Wednesday, June 25, 2014

15,000 Miles by Stage

Update: I originally titled this post "10,000 Miles by Stage" by mistake. The actual title of Carrie Strahorn's book is 15,000 Miles by Stage.

Carrie Strahorn wrote a wonderful book—still in print—about stagecoach travel in the West called 10,000 15,000 Miles by Stage. She and her husband Robert were newly married in 1878 when they traveled through Montana and other western states. Mrs. Strahorn’s astute observations about the characters they encountered, stage stops, hotels, and scenery are very entertaining.

Carrie Strahorn is the author of 10,000  15,000 Miles by Stage.
Photo courtesy Idaho Historical Society.
The Strahorns stayed at the Cosmopolitan Hotel in Helena. The desk clerk gave them a room key, but they were astonished to discover that no one expected them to lock their door. Mrs. Strahorn writes that they encountered no tramps, no beggars, and no burglars. Unlike other towns along the railway routes where there was crime and poverty, Helena, although isolated, had none of that. Although citizens could not wait for rail service, “It seemed a pity,” Mrs. Strahorn writes, “to propose a railroad to such a happy community.” Among the characters she describes are two memorable women she encountered in the hotel dining room. They were angular in figure, tall, slim, with long features. Each had tried to outdo the other with tiny, elaborate spit curls from the center parts of their foreheads to their earlobes, and they were so prim and precise that they almost appeared to be machines.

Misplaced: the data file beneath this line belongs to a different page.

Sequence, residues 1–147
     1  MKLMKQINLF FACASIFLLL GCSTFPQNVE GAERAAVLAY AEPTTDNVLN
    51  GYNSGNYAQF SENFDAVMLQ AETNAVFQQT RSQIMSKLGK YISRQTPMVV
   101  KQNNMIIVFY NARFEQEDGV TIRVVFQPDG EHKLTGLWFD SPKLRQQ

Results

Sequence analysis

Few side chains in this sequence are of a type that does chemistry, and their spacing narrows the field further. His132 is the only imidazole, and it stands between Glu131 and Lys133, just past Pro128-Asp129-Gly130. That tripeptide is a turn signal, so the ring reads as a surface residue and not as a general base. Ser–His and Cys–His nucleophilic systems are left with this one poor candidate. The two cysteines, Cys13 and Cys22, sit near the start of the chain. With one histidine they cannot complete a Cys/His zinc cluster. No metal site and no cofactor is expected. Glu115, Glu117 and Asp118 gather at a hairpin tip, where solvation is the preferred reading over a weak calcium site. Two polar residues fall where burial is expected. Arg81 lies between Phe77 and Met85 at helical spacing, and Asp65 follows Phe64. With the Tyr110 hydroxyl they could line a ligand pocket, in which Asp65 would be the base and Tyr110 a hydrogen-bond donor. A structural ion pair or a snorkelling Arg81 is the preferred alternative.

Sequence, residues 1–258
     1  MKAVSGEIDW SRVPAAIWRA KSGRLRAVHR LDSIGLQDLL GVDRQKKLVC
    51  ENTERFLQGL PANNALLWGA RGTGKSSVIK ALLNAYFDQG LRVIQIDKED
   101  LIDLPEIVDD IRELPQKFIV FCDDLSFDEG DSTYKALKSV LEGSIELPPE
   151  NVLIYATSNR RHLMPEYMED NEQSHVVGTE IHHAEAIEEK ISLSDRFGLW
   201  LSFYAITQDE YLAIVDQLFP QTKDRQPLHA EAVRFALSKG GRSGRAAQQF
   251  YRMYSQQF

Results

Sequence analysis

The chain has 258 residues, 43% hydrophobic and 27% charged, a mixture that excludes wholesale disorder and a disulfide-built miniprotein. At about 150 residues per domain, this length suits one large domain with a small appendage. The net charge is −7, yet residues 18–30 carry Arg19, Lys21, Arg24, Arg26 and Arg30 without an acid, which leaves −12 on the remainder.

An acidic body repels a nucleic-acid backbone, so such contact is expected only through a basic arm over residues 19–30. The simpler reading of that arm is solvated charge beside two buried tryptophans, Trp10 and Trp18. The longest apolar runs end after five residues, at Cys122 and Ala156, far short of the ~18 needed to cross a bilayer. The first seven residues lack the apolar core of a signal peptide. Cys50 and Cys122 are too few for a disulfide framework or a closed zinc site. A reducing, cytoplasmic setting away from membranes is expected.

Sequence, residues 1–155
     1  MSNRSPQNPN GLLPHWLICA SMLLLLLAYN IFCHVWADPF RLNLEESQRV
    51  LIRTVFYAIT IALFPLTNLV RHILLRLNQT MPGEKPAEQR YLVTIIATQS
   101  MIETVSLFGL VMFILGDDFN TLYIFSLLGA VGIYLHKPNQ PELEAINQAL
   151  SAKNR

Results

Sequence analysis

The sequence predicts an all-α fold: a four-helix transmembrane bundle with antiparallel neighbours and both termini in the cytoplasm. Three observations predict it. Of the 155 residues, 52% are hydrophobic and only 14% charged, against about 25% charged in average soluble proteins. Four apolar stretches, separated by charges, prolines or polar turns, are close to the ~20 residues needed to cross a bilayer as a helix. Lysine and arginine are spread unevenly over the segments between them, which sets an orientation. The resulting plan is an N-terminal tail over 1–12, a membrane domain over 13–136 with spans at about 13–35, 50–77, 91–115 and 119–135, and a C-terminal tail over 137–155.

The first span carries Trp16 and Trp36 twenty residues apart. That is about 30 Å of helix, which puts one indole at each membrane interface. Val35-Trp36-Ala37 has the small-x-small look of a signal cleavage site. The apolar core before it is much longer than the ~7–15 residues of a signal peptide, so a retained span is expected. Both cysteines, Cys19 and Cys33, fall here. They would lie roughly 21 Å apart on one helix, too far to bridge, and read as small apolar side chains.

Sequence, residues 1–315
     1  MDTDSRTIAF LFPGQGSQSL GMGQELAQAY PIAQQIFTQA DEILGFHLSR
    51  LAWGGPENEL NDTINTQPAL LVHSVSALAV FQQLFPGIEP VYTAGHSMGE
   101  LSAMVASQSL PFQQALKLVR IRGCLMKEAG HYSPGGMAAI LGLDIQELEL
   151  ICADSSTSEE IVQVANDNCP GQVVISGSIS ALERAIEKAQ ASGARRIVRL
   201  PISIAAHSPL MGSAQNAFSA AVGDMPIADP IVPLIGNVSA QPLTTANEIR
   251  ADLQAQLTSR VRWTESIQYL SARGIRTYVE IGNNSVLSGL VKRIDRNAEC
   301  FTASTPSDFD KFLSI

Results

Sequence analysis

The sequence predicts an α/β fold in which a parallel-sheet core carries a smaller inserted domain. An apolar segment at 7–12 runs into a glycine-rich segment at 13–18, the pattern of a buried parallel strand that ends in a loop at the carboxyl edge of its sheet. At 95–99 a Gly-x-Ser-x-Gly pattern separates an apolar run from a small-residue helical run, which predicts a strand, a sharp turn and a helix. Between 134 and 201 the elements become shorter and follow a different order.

The Cosmopolitan Hotel in Helena was one of the best in the region. The Helena Board of Trade published this sketch of the lobby in 1887. Montana Historical Society Research Center.
Mrs. Strahorn goes on the say that that there were so few women out west that military men begged their friends to send for sisters, cousins, and aunts. Sometimes, Mrs. Strahorn writes, they were weird specimens of the fairer sex like the two at the Cosmopolitan, but even they in their minority could reign as queens. They could dance, ride, and flirt to their hearts’ content and marry, too. The success of such women diminished as the population grew and single men had more choices. But in the 1870s, the frontier was a fact and not a fiction. A woman in the Far West was a blessing sent direct from Heaven, or from the East, which was much the same thing in those days.

2 comments:

  1. Great article. Any suggestions on where to find a copy of 10,000 Miles by Stage? I would like to acquire a copy.

    -- Smittie

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    1. I am so glad you asked! I mistakenly have the title as 10,000 but it should be 15,000 Miles by Stage. You can find the book on amazon.com but you have to have the correct title. I'll try to get this fixed. Thanks so much for your comment!

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